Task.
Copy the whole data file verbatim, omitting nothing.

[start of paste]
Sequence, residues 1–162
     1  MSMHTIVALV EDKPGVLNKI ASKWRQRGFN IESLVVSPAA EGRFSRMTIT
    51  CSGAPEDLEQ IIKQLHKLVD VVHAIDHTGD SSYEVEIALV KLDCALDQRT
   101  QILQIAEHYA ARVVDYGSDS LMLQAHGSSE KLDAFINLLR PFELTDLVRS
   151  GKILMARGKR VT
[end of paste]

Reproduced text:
Sequence, residues 1–162
     1  MSMHTIVALV EDKPGVLNKI ASKWRQRGFN IESLVVSPAA EGRFSRMTIT
    51  CSGAPEDLEQ IIKQLHKLVD VVHAIDHTGD SSYEVEIALV KLDCALDQRT
   101  QILQIAEHYA ARVVDYGSDS LMLQAHGSSE KLDAFINLLR PFELTDLVRS
   151  GKILMARGKR VT